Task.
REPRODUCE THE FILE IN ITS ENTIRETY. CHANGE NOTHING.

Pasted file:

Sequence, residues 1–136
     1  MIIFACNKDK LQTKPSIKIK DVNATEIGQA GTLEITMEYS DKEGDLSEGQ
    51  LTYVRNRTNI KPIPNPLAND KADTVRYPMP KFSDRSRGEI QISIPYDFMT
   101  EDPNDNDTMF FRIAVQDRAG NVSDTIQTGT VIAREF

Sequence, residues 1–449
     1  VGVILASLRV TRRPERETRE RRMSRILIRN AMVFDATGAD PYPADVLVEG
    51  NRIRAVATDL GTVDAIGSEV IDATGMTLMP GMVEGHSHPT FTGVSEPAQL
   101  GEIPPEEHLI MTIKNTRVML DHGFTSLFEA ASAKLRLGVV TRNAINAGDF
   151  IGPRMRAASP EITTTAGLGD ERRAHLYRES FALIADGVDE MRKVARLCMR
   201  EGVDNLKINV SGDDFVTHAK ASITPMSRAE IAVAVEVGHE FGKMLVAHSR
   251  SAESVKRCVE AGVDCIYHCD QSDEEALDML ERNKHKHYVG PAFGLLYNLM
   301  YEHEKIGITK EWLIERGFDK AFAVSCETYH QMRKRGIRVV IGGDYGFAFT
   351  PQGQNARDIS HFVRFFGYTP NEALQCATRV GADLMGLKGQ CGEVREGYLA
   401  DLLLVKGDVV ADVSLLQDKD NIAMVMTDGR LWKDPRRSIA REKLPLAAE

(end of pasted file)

Sequence, residues 1–136
     1  MIIFACNKDK LQTKPSIKIK DVNATEIGQA GTLEITMEYS DKEGDLSEGQ
    51  LTYVRNRTNI KPIPNPLAND KADTVRYPMP KFSDRSRGEI QISIPYDFMT
   101  EDPNDNDTMF FRIAVQDRAG NVSDTIQTGT VIAREF

Sequence, residues 1–449
     1  VGVILASLRV TRRPERETRE RRMSRILIRN AMVFDATGAD PYPADVLVEG
    51  NRIRAVATDL GTVDAIGSEV IDATGMTLMP GMVEGHSHPT FTGVSEPAQL
   101  GEIPPEEHLI MTIKNTRVML DHGFTSLFEA ASAKLRLGVV TRNAINAGDF
   151  IGPRMRAASP EITTTAGLGD ERRAHLYRES FALIADGVDE MRKVARLCMR
   201  EGVDNLKINV SGDDFVTHAK ASITPMSRAE IAVAVEVGHE FGKMLVAHSR
   251  SAESVKRCVE AGVDCIYHCD QSDEEALDML ERNKHKHYVG PAFGLLYNLM
   301  YEHEKIGITK EWLIERGFDK AFAVSCETYH QMRKRGIRVV IGGDYGFAFT
   351  PQGQNARDIS HFVRFFGYTP NEALQCATRV GADLMGLKGQ CGEVREGYLA
   401  DLLLVKGDVV ADVSLLQDKD NIAMVMTDGR LWKDPRRSIA REKLPLAAE